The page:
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This is one extremely basic and probably equally dumb question that I just couldn't ever find a definite answer to.

Suppose we have 2 computers one that can transmit data at say 10 bits per second (A) and another one that can receive data at 2 bits per second (B). This is now all theory, stray from LAN card specs. If A tries to send B some information that's 50 bits long and transmits it at 10 bps over 5 seconds, it would take B 25 seconds to consume it - how does that work? Where does that information live for the 20 seconds after it has been transmitted?

I would imagine that with TCP A will resend the packages until it's gotten an acknowledgement for them all which would degrade A's performance because of having to resend packages all day long (need confirmation on that thought as well) but with UDP or other such protocols the question remains.

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With directly connected computers, the speed of the NICs must match, either manually set, or through auto-negotiation, or there will be no connection.

If you have an intervening device, e.g. a switch, that allows different speeds on different interface, then frames may be dropped from the faster to the slower computer because the slower link will be oversubscribed.

Whether or not data will be resent depends on the transport protocol (OSI layer-4) used. For example, a connectionless protocol, e.g. UDP, it is up to the application to determine lost datagrams and request they be resent, otherwise they are simply lost, which can be a good thing for some applications, especially real-time applications, e.g. VoIP, where re-sending the lost information can be detrimental (you don't want sounds after they are useful). A connection-oriented protocol, e.g. TCP, will handle the request of lost packets.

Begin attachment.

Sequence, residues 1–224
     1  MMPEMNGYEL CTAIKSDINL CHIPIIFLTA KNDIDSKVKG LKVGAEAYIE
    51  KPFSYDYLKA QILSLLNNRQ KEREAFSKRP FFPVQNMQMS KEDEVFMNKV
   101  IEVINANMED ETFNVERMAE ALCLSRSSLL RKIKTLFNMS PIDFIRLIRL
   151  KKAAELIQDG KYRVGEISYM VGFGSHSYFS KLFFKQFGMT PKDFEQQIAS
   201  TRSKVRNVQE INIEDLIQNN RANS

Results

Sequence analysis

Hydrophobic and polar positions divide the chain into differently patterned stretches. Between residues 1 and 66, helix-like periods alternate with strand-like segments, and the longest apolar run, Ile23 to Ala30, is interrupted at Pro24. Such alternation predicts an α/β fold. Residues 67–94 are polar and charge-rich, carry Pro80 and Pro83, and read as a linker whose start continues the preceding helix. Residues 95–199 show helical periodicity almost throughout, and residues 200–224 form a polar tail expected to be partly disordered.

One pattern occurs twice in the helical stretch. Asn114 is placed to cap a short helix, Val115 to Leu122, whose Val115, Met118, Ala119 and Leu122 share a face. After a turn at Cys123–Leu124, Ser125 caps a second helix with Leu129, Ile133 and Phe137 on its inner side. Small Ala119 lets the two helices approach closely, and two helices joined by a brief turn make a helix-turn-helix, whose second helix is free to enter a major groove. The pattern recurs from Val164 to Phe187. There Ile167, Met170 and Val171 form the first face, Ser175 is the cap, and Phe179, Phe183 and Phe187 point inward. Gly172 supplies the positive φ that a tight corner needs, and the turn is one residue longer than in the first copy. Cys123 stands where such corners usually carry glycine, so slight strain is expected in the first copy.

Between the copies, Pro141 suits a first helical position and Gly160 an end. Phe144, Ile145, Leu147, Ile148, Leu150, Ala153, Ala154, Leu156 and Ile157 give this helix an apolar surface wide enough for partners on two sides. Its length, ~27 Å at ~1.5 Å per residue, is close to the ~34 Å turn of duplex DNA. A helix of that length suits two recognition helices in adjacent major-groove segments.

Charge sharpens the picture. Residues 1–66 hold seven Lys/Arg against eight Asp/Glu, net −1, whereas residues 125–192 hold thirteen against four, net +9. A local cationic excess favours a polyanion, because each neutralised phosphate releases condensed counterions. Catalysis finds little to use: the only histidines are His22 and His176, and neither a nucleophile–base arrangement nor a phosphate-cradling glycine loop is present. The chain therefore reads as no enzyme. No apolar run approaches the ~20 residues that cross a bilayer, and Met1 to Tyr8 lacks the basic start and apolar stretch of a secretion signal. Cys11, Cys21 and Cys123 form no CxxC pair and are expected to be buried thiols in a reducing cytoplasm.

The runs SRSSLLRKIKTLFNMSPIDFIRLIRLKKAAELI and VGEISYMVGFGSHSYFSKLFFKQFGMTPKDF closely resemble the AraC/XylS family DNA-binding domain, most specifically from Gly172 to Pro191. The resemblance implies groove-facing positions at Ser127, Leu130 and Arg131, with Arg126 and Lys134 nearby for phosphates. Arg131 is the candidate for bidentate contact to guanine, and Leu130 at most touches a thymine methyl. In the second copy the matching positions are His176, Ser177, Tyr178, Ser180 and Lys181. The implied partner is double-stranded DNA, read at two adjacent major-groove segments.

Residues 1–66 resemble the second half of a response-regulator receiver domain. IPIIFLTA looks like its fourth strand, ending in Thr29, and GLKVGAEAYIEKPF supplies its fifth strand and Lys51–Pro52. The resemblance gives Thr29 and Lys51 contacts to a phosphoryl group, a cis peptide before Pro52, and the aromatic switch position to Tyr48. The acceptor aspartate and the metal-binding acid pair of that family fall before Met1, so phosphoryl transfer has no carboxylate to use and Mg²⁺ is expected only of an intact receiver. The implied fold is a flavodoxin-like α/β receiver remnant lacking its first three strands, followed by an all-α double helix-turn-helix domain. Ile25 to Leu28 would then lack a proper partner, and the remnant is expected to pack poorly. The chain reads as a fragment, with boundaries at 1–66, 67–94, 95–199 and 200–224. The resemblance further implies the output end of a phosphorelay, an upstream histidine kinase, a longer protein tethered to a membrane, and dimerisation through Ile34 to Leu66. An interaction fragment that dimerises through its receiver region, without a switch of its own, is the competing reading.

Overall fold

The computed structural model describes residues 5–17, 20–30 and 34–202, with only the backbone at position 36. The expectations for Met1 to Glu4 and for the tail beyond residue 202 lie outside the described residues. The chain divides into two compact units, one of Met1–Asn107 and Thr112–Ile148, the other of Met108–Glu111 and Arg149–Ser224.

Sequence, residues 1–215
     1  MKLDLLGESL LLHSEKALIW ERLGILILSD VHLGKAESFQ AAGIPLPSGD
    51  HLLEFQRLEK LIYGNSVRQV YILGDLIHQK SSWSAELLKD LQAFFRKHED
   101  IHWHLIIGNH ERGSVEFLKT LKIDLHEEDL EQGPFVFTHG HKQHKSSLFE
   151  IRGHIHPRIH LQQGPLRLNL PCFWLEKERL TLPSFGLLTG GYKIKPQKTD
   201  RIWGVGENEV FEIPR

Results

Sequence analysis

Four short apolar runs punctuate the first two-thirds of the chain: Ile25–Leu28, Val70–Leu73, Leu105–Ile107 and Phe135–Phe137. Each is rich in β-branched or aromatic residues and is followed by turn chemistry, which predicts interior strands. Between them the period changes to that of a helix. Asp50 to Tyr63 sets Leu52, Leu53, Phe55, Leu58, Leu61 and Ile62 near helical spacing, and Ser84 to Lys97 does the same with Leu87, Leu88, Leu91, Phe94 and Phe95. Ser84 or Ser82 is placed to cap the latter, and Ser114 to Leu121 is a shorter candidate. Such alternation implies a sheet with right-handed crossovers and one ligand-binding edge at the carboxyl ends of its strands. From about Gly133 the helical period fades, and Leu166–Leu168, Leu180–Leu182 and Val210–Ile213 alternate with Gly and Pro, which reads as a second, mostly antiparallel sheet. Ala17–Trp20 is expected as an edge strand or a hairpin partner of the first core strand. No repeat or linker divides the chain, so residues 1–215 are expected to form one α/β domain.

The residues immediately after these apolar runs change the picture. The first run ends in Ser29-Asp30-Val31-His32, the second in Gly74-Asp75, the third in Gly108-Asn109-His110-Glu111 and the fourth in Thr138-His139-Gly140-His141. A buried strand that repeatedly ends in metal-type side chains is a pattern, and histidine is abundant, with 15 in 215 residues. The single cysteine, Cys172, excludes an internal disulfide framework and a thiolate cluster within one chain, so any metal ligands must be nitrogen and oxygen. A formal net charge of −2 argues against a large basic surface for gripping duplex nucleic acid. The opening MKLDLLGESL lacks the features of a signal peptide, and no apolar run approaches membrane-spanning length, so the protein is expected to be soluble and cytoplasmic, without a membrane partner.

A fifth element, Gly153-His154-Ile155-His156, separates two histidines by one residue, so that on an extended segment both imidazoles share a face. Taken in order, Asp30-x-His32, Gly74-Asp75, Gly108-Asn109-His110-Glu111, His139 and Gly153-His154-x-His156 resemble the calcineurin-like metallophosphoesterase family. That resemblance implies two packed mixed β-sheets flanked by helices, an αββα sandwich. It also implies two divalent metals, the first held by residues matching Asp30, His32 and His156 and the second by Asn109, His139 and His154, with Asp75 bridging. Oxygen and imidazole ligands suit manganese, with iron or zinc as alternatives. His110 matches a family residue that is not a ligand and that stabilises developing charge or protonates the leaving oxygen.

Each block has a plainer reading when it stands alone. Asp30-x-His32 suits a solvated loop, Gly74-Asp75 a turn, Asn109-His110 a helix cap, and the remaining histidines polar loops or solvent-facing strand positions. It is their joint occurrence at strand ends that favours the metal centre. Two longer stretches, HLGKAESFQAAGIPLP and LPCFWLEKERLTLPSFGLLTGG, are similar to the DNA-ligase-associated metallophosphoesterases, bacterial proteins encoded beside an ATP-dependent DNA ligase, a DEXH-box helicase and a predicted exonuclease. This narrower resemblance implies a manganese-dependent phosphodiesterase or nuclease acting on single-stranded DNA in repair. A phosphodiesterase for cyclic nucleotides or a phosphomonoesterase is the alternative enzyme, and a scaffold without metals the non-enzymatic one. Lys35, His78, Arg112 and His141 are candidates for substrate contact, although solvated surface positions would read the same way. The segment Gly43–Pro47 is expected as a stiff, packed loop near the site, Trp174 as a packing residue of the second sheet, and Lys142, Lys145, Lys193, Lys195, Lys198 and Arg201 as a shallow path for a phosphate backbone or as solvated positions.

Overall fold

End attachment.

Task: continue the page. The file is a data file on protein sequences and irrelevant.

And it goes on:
Such disparity between NIC speeds will certainly impact performance.

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With directly connected computers, both need to use the same speed when sending to each other.

Transmitting and receiving with different speeds requires splitting up the data into packets and some kind of packet buffer in between the computers. Such a buffer is part of a network bridge (switches work like bridges) or a router. Repeaters (and hubs) have no buffer and can't change the speed - except for dual-speed hubs that use a bridge and buffer the packets between speeds.

These buffering devices first receive a packet at the speed of the sender. When it's complete, they decide where it should go and forward it to the destination at its speed. In a larger network this can repeat many times over intermediate destinations until the packet reaches its final destination. The way the devices make their forwarding decisions can differ quite a bit and is a major difference between switches and routers.

As the other answers have already pointed out, this hopping and speed-changing can cause a number of problems that the network and the protocols in use need to solve.